REPUBLICANS FOR: 39
Boehlert
Burns
Burr
Camp
Capito
Emerson
English
Fossella
Goode
Green (WI)
Hayes
Johnson (IL)
Jones (NC)
Kelly
King (NY)
LaTourette
Leach
LoBiondo
McCotter
Miller (MI)
Murphy
Nethercutt
Ney
Peterson (PA)
Quinn
Rogers (MI)
Saxton
Shays
Shimkus
Simmons
Smith (NJ)
Sweeney
Taylor (NC)
Turner (OH)
Upton
Walden (OR)
Walsh
Weldon (PA)
Wilson (NM)

DEMOCRATS FOR: 187
Abercrombie
Ackerman
Alexander
Allen
Andrews
Baca
Baird
Baldwin
Ballance
Becerra
Bell
Berkley
Berman
Berry
Bishop (GA)
Bishop (NY)
Blumenauer
Boswell
Boucher
Boyd
Brady (PA)
Brown,
Brown (OH)
Capps
Capuano
Cardin
Cardoza
Carson (IN)
Carson (OK)
Case
Clay
Clyburn
Cooper
Corrine
Costello
Cramer
Crowley
Cummings
Davis (AL)
Davis (CA)
Davis (FL)
Davis (IL)
Davis (TN)
DeFazio
Delahunt
DeLauro
Deutsch
Dingell
Doggett
Dooley (CA)
Doyle
Edwards
Emanuel
Engel
Eshoo
Etheridge
Evans
Farr
Fattah
Filner
Ford
Frank (MA)
Frost
Gonzalez
Gordon
Green (TX)
Grijalva
Harman
Hastings (FL)
Hill
Hinchey
Hinojosa
Hoeffel
Holden
Hollen
Holt
Honda
Hooley (OR)
Hoyer
Inslee
Israel
Jackson (IL)
Jackson-Lee (TX)
Jefferson
John
Johnson, E. B.
Jones (OH)
Kanjorski
Kaptur
Kennedy (RI)
Kildee
Kilpatrick
Kind
Kleczka
Lampson
Lantos
Larsen (WA)
Larson (CT)
Lee
Levin
Lewis (GA)
Lofgren
Lowey
Lucas (KY)
Lynch
Majette
Maloney
Markey
Marshall
Matheson
Matsui
McCarthy (NY)
McCollum
McDermott
McGovern
McIntyre
McNulty
Meehan
Meek (FL)
Meeks (NY)
Menendez
Michaud
Miller, George
Miller (NC)
Mollohan
Moore
Moran (VA)
Murtha
Nadler
Neal (MA)
Oberstar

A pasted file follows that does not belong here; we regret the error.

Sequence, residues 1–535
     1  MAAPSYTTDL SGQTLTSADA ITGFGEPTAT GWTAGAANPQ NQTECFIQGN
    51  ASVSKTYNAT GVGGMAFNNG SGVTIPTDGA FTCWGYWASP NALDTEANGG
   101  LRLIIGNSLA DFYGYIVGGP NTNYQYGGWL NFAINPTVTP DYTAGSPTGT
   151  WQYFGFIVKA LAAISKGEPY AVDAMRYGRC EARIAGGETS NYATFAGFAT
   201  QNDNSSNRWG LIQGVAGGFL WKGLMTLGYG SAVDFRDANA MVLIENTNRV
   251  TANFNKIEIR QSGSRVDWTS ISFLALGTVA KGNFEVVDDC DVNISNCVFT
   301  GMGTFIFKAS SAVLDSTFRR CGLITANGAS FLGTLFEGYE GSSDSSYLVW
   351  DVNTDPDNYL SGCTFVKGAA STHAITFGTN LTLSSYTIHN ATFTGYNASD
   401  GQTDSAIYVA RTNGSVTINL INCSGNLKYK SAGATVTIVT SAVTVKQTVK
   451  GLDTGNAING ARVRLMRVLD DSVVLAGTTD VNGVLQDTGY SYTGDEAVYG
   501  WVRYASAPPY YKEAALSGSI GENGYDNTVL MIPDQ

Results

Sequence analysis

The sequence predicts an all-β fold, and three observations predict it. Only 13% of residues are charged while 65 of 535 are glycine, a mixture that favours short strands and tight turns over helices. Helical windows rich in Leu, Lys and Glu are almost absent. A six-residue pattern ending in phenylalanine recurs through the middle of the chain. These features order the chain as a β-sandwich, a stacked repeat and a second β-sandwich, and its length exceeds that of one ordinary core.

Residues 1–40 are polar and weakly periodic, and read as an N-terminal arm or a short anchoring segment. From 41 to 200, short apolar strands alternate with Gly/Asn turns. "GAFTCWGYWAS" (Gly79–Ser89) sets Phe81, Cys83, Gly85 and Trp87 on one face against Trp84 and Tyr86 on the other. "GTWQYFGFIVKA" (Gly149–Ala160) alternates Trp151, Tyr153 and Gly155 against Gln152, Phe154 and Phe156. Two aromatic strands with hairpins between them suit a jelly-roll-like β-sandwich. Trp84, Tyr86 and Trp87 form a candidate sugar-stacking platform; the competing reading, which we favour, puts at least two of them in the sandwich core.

Obey
Olver
Owens
Pallone
Pastor
Payne
Pelosi
Peterson (MN)
Pomeroy
Price (NC)
Rangel
Reyes
Rodriguez
Ross
Rothman
Roybal-Allard
Rush
Ryan (OH)
Sabo
S√?∆? ¬°nchez, Linda
Sanchez, Loretta
Sandlin
Schakowsky
Schiff
Scott (GA)
Scott (VA)
Serrano
Sherman
Skelton
Slaughter
Snyder
Solis
Spratt
Stark
Stenholm
Strickland
Stupak
Tanner
Tauscher
Taylor (MS)
Thompson (CA)
Thompson (MS)
Tierney
Towns
Turner (TX)
Udall (CO)
Udall (NM)
Van
Vel√?∆? ¬°zquez
Visclosky
Waters
Watt
Waxman
Weiner
Wexler
Woolsey
Wu
Wynn

INDEPENDENTS FOR: 1
Sanders

REPUBLICANS AGAINST: 179
Aderholt
Akin
Bachus
Baker
Ballenger
Barrett (SC)
Bartlett (MD)
Barton (TX)
Bass
Beauprez
Bereuter
Biggert
Bilirakis
Bishop (UT)
Blackburn
Blunt
Boehner
Bonilla
Bonner
Bono
Boozman
Bradley (NH)
Brady (TX)
Brown (SC)
Burgess
Burton (IN)
Buyer
Cannon
Cantor
Carter
Castle
Chabot
Chocola
Coble
Cole
Collins
Cox
Crane
Crenshaw
Cubin
Cunningham
Davis, Jo Ann
Davis, Tom
Deal (GA)
DeLay
DeMint
Diaz-Balart,
Diaz-Balart,
Doolittle
Dreier
Duncan
Dunn
Ehlers
Everett
Feeney
Ferguson
Flake
Foley
Forbes
Franks (AZ)
Frelinghuysen
Gallegly
Garrett (NJ)
Gerlach
Gibbons
Gilchrest
Gillmor
Gingrey
Goodlatte
Graves
Greenwood
Gutknecht
Hall
Harris
Hart
Hastert
Hastings (WA)
Hayworth
Hefley
Hensarling
Herger
Hobson
Hoekstra
Hostettler
Houghton
Hulshof
Hunter
Hyde
Isakson
Issa
Istook
Jenkins
Johnson, Sam
Johnson (CT)
Keller
Kennedy (MN)
King (IA)
Kingston
Kirk
Kline
Knollenberg
Kolbe
L.
LaHood
Latham
Lewis (CA)
Lewis (KY)
M.
Manzullo
McKeon
Mica
Miller, Gary
Miller (FL)
Moran (KS)
Musgrave
Myrick
Neugebauer
Northup
Norwood
Nunes
Nussle
Osborne
Ose
Otter
Oxley
Paul
Pearce
Pence
Petri
Pickering
Pitts
Platts
Pombo
Porter
Portman
Pryce (OH)
Putnam
Radanovich
Ramstad
Regula
Rehberg
Renzi
Reynolds
Rogers (AL)
Rogers (KY)
Rohrabacher
Ros-Lehtinen
Royce
Ryan (WI)
Ryun (KS)
Schrock
Sensenbrenner
Sessions
Shadegg
Shaw
Sherwood
Shuster
Simpson
Smith (MI)
Smith (TX)
Souder
Stearns
Sullivan
Tancredo
Tauzin
Terry
Thomas
Thornberry
Tiahrt
Tiberi
Toomey
Vitter
Wamp
Weldon (FL)
Weller
Whitfield
Wicker
Wilson (SC)
Wolf
Young (AK)
Young (FL)

DEMOCRATS AGAINST: 0

NOT VOTING: 27

REPUBLICANS (10): DEMOCRATS (17): INDEPENDENTS (0)
Brown-Waite, Ginny
Calvert
Culberson
Goss
Granger
Linder
Lucas (OK)
McCrery
McHugh
McInnis
Conyers
DeGette
Dicks
Gephardt
Gutierrez
Kucinich
Langevin
Lipinski
McCarthy (MO)
Millender-McDonald
Napolitano
Ortiz
Pascrell
Rahall
Ruppersberger
Smith (WA)
Watson